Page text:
While upload and download figures are important, the true test of the quality of your hookup is your ‘ping’ rate. Sometimes known as ‘latency’ or ‘lag’, ping is the millisecond measurement it takes for a small piece of data to travel from your computer, reach its location and then travel back to you. The lower the ping number, the faster your link is. While a low ping number is not necessary for general day-to-day web surfing, if you enjoy playing online games, then it is absolutely essential.
Broadband Speed Test Results
Your broadband speed test results are always going to vary somewhat depending on the time of day, your computer’s configuration, as well as a host of other variables. Knowing your links transfer rate is a valuable tool that you can use in identifying problems and solving them fast when a test shows slower than normal results. Once you establish a baseline by running more than one test at varying periods throughout the day and over several days, you’ll have the ability to readily identify a connectivity issue should one exist between you and your ISP. Obviously one of the biggest factors would be the type of connection you have as well. Dial up will be the slowest and might not even complete the test.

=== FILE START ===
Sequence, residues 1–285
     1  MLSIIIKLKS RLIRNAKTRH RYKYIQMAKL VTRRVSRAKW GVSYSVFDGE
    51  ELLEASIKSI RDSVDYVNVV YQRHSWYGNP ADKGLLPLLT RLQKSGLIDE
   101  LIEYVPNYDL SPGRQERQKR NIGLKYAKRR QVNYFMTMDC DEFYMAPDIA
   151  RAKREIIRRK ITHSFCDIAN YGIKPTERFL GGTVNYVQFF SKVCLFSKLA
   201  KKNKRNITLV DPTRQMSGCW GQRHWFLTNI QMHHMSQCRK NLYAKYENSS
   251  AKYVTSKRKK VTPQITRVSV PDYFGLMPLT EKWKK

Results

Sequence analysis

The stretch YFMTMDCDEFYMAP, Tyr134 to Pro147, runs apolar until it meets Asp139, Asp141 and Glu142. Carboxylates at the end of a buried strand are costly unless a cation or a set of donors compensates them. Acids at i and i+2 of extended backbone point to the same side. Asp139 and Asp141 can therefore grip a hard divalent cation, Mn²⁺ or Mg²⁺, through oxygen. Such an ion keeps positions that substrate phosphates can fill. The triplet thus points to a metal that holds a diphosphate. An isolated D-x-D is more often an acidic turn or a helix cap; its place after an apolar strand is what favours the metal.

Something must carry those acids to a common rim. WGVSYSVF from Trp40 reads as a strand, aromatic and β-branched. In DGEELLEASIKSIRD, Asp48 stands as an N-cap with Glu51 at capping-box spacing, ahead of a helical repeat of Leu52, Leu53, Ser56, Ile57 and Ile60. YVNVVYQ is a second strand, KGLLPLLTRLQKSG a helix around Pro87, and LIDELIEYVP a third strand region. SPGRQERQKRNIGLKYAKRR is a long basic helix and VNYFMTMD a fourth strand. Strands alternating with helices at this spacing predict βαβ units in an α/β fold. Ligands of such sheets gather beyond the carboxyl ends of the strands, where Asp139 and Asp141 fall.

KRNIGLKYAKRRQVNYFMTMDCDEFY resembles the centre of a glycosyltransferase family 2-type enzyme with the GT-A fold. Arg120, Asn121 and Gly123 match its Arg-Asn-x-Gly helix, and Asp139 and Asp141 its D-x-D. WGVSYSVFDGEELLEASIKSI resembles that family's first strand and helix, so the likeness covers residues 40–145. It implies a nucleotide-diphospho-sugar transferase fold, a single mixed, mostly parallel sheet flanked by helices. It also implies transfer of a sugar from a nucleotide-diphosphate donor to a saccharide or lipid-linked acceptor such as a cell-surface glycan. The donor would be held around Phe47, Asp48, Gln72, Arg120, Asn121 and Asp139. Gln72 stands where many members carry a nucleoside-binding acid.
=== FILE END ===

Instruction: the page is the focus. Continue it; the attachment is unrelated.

Internet Speed Test - Check Your Bandwidth - What Is My IP ...

Internet Speed Test – Check Your Bandwidth – What Is My IP …

Speed Test
Our internet speed test shows how fast of a connection you have. Find out your download speed in Mbps—in real time—right now.
Click GO to start your speed test.
Our Internet Speed Test Shows How Fast of a Connection You Have.
Find Out Your Download Speed in Mbps—in Real Time—Right Now
Don’t worry about deciphering download and upload speeds, latency/ping and “jitter. ” For now, “speed matters” and you’ll find all about it here.
Click GO to start your speed test. Or read on to understand what you’re about to see.
Based on the Speed Test, is your internet provider living up to its claims?
When you test your connection using our free Internet Speed Test, you’ll see a few numbers pop up—for download, upload, ping and jitter.
But one that you’re likely most interested in is the download number.
It should actually just be called the speed number, because it tells you how fast data moves to you when you’re getting information from the internet.
More importantly, that download number is the one that corresponds to the speed number that internet providers advertise and offer to you at home for a “blazing fast” connection.
“Speeds up to 100 Mbps! ” (they mean megabits per second)